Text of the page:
How does operationalizing the CSF benefit an organization when it comes to dealing with an attack?
There is a lot of interest around the NIST CSF. A recent Rsam survey revealed that 87% of InfoSec leaders said they plan to incorporate NIST CSF into their risk and compliance strategy. A 2017 HIMSS Cybersecurity Survey also showed that 95% of Healthcare orgs with a CISO have already adopted the NIST Cybersecurity Framework.
While this adoption trend continues, many organizations continue to struggle with how to implement the broad recommendations. This series of blog posts centers around real world questions we’ve received on the road during the Rsam hosted Cybersecurity Luncheons.
Getting NIST operationalized is one challenge for cybersecurity professionals, but another hot topic was how to reap the benefits once your program is running. When you operationalize, we hope that your organization is able to see the CSFs capability as it relates to dealing with an attack, and you can determine whether you have the proper investments and capability to first detect an attack, and more importantly, where we’ve seen a lot of the flaws in the industry is that a lot of the investments are in the first three core functions (Identify, Protect, Detect) but it’s not in Recover and Response. Our thought is—and a lot of CSOs agree—is that bringing this CSF to light highlights that many of us have forgotten to spend time and attention and budget on Recovery and Response, especially if there’s an attack.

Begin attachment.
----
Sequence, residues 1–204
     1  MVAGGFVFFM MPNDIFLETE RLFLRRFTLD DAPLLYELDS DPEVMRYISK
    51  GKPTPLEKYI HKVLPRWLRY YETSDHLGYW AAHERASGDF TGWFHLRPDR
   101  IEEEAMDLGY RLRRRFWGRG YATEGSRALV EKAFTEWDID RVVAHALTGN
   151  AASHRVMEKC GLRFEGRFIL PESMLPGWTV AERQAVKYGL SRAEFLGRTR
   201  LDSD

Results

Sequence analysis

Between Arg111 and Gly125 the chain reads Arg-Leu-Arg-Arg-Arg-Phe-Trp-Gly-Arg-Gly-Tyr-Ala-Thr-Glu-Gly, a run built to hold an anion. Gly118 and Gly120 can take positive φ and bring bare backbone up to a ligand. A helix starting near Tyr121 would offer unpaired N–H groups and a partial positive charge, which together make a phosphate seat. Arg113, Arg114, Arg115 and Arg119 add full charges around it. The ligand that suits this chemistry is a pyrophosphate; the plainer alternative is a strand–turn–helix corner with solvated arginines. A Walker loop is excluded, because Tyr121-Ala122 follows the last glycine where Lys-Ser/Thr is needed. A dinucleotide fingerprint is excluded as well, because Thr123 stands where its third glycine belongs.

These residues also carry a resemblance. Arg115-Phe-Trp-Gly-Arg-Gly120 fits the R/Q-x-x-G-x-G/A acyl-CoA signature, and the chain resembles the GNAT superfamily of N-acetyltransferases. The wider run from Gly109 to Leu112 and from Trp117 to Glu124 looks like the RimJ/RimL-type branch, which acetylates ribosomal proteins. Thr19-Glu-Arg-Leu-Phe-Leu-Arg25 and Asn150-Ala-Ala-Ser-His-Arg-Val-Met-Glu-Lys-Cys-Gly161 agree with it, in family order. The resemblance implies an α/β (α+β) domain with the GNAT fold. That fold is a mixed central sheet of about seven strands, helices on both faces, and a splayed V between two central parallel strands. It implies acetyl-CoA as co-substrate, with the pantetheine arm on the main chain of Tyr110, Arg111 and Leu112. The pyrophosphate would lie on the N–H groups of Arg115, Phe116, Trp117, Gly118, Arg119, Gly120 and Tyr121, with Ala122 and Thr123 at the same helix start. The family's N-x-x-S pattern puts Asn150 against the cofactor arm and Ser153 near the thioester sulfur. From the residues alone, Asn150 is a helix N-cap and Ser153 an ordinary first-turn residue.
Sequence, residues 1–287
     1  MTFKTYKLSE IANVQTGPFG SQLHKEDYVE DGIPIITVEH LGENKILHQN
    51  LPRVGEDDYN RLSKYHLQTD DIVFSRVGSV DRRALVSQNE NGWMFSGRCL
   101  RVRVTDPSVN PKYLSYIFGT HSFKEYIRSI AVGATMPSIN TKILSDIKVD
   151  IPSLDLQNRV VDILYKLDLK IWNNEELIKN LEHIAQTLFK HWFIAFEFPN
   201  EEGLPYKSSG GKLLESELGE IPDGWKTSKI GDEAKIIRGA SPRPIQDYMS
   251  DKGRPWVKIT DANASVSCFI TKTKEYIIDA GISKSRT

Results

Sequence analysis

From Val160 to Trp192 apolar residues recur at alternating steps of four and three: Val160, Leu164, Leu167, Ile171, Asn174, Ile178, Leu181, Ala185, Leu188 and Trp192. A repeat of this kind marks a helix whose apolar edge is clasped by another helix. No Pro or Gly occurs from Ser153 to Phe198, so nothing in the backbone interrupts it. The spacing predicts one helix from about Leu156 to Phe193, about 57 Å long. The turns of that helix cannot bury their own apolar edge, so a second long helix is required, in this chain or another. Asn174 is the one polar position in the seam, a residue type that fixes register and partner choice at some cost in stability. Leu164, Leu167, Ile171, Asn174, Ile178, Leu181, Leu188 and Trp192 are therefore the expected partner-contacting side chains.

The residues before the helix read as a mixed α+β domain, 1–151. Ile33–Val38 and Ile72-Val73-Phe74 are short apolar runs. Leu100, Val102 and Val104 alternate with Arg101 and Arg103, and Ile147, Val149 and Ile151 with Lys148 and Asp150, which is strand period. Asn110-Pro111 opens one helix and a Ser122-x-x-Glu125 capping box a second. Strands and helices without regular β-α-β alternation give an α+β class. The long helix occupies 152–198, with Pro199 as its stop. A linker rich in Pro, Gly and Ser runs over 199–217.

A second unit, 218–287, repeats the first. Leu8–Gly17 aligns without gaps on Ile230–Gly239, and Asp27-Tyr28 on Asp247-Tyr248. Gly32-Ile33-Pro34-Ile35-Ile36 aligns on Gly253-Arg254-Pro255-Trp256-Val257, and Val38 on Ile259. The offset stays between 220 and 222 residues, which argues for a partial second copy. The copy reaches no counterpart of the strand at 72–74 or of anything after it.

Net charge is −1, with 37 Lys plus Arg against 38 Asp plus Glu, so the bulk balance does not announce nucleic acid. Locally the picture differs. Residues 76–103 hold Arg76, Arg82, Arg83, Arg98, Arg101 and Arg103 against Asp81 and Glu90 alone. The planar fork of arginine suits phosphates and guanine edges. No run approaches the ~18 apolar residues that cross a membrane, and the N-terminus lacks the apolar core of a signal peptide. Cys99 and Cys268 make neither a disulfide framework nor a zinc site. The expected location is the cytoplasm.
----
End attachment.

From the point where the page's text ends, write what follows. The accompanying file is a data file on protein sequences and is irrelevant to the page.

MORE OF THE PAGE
When NIST published their published their Guide for Cybersecurity Event Recovery, they stated on their website, “Defense! Defense! may be the rallying cry from cybersecurity teams working to thwart cybersecurity attacks, but perhaps they should be shouting Recover! Recover! instead.”
How has your organization prepared for the next cyber-attack? Have you overinvested in one core function, but fell behind on others? Operationalizing NIST is your best plan for evaluating your cyber resilience.